• What’s New in Studies of Early 20th-Century China?

    By Jeffrey Wasserstrom

    It’s easy to imagine a book on the trafficking of people in China around a hundred years ago that begins with a chapter that cites various anthropologists and scholars in other disciplines, while placing the Chinese historical phenomenon into comparative and theoretical perspective. It’s also easy to imagine a different book on the same subject opening in a totally different, more literary manner. This other book might begin with the author stitching together material from archival sources, such as confessions, to create a tale about real people that reads like a short story. What I could not have imagined a week ago was a book that did both of these things, but I can now. What made the difference was picking up University of Chicago historian Johanna Ransmeier’s Sold People: Traffickers and Family Life in North China, which was recently published by Harvard University Press.

    The book’s first two paragraphs introduce us to feisty Widow Chen and her fraught working relationship to a man known as Old Liao. Then comes a brief section that explores the value and limits of using English language terms such as “slavery” and “bondage,” which have various kind of baggage associated with the pasts of other countries, to describe specific Chinese historical practices. This alternation between storytelling and analysis continues for another twenty pages. And, against all odds, it works. After finishing the book’s “Introduction,” over the course of which Widow Chen’s character in particular becomes increasingly well rounded and interesting, it was easy for me to imagine recommending Sold People to two very different sorts of friends. I could tell a friend whose favorite history books are story-driven ones like Natalie Davis’s The Return of Martin Guerre that, if in the mood to pick up a book on China, this might be the one. I could also, though, bring it to the attention of a colleague curious to know if anything in my field could be of value to an advisee doing dissertation work on the Atlantic Slave Trade.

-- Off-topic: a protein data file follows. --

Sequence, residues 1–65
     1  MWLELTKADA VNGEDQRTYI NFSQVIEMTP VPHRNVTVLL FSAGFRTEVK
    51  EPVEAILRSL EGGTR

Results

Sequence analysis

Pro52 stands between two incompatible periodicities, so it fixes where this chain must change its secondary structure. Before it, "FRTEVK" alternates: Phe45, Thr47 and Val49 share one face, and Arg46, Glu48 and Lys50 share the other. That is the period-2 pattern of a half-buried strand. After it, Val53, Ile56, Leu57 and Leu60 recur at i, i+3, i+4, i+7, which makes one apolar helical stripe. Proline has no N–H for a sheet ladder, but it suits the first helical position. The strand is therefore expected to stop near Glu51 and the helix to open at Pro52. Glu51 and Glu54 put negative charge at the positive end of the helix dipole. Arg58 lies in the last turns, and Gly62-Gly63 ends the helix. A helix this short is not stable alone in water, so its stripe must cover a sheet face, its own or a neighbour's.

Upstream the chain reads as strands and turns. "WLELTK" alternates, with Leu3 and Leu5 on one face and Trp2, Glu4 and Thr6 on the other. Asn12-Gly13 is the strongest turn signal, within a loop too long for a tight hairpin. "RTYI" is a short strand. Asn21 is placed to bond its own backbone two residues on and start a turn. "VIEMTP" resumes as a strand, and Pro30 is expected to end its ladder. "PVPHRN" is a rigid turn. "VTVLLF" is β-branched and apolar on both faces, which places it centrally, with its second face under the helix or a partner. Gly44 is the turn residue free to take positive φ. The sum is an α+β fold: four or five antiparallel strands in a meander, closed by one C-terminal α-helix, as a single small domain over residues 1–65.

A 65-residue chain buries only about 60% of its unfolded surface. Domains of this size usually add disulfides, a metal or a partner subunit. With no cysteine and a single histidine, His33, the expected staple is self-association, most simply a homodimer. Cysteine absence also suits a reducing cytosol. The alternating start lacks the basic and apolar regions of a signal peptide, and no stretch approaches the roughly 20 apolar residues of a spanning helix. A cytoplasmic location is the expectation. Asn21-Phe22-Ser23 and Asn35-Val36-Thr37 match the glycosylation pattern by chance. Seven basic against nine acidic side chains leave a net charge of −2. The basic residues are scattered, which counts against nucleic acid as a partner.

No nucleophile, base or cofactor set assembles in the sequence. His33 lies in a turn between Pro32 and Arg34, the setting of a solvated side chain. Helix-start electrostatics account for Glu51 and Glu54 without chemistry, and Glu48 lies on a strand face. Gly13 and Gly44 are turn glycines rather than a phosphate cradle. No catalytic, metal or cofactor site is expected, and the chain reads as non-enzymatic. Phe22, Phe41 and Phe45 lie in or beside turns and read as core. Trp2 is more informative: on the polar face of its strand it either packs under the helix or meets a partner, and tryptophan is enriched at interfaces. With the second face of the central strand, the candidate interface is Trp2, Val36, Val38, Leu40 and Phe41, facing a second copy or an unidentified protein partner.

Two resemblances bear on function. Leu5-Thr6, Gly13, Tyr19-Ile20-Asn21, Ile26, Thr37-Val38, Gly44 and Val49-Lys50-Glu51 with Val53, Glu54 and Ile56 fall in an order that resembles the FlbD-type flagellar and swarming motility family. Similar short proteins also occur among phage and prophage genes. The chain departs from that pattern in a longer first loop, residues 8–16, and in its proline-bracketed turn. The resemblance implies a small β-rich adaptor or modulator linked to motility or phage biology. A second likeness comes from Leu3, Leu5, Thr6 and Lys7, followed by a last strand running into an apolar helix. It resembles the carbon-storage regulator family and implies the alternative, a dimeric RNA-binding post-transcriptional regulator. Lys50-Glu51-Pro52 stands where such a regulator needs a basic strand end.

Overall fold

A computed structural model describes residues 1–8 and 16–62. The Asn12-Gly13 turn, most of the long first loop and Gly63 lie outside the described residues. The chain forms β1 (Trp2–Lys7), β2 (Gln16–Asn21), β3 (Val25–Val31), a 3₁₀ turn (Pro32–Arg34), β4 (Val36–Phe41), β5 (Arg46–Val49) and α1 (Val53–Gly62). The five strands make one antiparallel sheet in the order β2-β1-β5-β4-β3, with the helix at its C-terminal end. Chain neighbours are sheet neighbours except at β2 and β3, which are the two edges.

Having realized that, even with its two-books-in-one feel, a mini-review of Sold People wasn’t quite enough for a China Blog post, I have decided to slip in mentions of two other worthy books. They, too, are quite recent publications, though neither is hot off the presses like Sold People. And they, too, are largely or exclusively about the early 1900s.

    One of these books is SUNY Buffalo historian Kristin Stapleton’s Fact in Fiction: 1920s China and Ba Jin’s Family, which Stanford University Press published last year.  Its focus is on the social history of the Sichuan metropolis of Chengdu early in the twentieth century. That city is the setting for Ba Jin’s Family, a famous novel from the period that is often used by people like me who teach courses on modern Chinese history. Stapleton sketches out life in Chengdu via a series of chapters, each of which is devoted to one of the social groups to which a significant character in Family belongs. One chapter, circling back to Sold People, is titled “Mingfeng: The Life of a Chinese Slave Girl.”

    The final book I want to give a shout out to, which is on a decidedly lighter topic than human trafficking, is The Age of Irreverence: A New History of Laughter in China. Published by the University of California Press in 2015, its author is Christopher Rea, a versatile specialist in Chinese literature at the University of British Columbia, whose accomplishments include having earned a major book prize from the Association for Asian Studies for this work, and, before that, somehow convincing Eric Idle of Monty Python fame to write a blurb for his volume! As for its contents…rather than try to describe what Rea does, I’ll simply point those intrigued to find out more to the introduction to and excerpts from the book available at the China Heritage site, an excellent new online venture cooked up by Geremie Barmé with which LARB’s China Blog has done some collaborating already and with which we hope to do more in future.